Silicate of manganese. .
Crystal system Triclinic.
Appearance Rthodonite sometimes occurs as distinct, translucent to semiopaque crystals. but more often it is in compact, crystalline masses of a patchy, pink, tlesh red or brownish red color. often with blackish veining due to oxidation ot manganese.
Physical properties It has a hardness oi 5.5—6.5. The density ranges from 3.40 to 330 g/cma. The refractive indices vary between nw 1.733.11 ne 1.44 and ne 1.716, nw 1.?28 (the optic sign therefore changing from negative to positive), but the massive material normally gives one value, of about 1.73.
Genesis It is formed by metamorphism (with addition of silica) of other manganese minerals, probably including rhodoohrosite (MnC03).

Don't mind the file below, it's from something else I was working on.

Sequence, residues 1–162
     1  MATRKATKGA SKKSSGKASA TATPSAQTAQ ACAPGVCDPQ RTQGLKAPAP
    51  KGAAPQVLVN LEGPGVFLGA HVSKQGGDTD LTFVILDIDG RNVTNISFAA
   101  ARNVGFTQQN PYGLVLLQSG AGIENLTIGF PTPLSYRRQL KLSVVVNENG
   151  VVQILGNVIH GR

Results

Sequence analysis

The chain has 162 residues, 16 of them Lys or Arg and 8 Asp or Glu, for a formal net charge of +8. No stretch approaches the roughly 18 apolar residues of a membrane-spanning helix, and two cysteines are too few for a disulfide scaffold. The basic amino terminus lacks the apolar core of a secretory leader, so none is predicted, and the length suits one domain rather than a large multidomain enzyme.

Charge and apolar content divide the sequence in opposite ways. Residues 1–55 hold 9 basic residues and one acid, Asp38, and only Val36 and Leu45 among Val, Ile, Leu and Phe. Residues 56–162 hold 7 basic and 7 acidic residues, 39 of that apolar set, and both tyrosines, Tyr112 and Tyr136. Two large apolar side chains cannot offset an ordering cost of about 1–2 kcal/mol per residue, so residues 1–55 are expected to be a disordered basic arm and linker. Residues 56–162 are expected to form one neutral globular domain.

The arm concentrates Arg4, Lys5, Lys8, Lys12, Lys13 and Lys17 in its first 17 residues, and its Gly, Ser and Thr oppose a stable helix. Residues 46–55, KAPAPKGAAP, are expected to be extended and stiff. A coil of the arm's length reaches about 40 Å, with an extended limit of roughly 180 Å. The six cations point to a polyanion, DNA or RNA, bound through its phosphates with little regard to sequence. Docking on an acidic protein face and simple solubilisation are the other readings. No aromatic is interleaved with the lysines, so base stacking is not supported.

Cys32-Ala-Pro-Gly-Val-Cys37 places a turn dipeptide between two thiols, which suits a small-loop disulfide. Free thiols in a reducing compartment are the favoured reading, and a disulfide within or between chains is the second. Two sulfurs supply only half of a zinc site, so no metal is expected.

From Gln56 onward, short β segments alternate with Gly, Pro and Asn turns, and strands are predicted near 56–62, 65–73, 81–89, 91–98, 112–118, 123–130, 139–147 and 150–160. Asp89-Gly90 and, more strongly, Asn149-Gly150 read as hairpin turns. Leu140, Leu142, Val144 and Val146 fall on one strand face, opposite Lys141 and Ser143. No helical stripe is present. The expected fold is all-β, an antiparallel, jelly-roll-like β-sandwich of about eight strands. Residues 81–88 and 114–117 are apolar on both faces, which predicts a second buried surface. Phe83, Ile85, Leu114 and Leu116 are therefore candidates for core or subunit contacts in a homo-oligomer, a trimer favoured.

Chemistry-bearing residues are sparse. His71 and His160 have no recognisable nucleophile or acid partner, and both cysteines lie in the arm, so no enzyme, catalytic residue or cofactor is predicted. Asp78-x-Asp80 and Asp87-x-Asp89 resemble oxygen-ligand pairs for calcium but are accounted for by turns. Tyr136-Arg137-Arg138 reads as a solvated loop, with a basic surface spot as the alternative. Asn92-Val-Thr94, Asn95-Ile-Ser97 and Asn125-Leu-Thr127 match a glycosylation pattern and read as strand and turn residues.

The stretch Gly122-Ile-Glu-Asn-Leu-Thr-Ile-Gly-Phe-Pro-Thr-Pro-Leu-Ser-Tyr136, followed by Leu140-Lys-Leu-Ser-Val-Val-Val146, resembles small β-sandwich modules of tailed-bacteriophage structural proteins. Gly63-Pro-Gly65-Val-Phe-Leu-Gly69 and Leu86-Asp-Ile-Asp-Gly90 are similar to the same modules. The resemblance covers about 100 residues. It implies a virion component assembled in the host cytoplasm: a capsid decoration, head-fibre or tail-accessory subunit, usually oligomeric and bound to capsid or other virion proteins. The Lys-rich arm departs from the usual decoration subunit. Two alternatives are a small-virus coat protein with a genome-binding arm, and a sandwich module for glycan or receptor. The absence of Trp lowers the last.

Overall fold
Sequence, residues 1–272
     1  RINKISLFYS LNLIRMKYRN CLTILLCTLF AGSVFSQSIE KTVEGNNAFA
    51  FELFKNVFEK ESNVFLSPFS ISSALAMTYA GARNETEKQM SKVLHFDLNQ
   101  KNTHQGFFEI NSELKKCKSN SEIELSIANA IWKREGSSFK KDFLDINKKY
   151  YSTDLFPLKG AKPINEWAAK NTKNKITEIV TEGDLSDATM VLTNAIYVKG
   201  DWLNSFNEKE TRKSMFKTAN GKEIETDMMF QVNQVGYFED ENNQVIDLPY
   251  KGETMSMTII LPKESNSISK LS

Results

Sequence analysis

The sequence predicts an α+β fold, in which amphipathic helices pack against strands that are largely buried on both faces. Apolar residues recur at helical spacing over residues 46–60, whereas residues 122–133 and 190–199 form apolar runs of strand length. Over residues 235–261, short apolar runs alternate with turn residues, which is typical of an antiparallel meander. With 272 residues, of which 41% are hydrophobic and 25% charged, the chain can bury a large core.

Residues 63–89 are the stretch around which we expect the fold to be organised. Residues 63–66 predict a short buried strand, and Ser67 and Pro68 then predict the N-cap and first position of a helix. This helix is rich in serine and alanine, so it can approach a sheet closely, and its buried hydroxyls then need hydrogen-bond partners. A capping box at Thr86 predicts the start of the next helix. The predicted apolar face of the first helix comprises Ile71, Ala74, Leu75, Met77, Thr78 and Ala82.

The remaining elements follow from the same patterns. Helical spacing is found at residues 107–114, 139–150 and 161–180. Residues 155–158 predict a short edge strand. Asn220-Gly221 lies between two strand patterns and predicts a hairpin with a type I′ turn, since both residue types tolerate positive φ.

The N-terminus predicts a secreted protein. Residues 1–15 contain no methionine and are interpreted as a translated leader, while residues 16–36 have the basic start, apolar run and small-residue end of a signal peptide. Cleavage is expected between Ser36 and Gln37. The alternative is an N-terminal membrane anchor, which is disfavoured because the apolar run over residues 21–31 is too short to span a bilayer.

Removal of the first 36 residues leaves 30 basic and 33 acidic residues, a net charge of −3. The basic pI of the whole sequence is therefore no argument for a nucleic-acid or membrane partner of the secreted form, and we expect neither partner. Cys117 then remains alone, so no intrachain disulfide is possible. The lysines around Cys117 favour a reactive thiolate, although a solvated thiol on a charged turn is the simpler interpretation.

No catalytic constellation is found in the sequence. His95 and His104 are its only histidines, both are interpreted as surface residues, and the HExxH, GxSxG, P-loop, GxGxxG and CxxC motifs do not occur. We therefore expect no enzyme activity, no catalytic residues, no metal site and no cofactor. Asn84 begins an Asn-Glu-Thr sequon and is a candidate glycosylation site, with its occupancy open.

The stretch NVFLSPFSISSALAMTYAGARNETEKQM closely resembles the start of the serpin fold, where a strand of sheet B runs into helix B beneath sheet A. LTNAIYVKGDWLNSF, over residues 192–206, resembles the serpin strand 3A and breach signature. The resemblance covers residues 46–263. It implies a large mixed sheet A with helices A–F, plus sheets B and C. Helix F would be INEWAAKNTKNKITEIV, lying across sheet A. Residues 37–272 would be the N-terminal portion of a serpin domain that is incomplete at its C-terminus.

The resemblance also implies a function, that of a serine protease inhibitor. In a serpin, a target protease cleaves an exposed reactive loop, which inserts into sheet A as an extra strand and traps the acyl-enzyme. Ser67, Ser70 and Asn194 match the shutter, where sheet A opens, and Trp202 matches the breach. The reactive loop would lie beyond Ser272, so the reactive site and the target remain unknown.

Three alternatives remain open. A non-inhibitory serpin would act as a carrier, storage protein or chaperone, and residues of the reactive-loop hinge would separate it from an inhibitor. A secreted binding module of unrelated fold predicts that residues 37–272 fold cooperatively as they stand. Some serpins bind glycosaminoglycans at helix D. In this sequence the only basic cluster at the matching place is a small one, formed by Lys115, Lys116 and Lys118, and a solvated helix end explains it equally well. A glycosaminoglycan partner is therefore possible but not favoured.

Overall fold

Occurrence It is fairly widespread. mainly found in Sweden, Great Britain. the Soviet Union, lndia, Australia, South Africa. the United States, and Mexico.
Like rhodochrosite, its name is derived from the Greek root. rhodon, meaning "pink."
Appearance The color is reddish pink, with thin veins or patches of gray to black. The translucent to semiopaque polycrystalline form is cut en cabochon or shaped into beads, which can take a good polish. Flare transparent crystals have also been faceted into gems for collectors and connoisseurs. The individual crystals have prismatic cleavage.
Distinctive features It is distinguished from rhodochrosite by its greater hardness and the fact that it is not attacked by hydrochloric acid.
Occurrence It comes mainly from the Soviet Union, India, Australia. and the United States.
Value Somewhat low compared with other ornamental materials.
Simutante and synthetics it has neither been imitated nor produced synthetically.